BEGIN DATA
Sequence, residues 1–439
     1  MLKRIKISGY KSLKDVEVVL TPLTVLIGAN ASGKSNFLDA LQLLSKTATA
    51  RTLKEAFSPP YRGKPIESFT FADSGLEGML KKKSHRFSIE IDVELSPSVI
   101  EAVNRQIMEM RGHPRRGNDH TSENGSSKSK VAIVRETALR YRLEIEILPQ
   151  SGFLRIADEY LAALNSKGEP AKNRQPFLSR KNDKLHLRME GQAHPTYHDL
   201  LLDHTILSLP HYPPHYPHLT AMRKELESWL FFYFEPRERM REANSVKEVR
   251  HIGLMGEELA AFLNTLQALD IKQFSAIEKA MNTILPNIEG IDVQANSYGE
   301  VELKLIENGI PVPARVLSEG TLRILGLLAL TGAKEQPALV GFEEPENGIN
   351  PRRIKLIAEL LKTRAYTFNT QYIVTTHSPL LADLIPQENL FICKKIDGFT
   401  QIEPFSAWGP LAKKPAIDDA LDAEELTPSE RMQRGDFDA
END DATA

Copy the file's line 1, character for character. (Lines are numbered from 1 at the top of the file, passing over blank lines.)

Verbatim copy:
Sequence, residues 1–439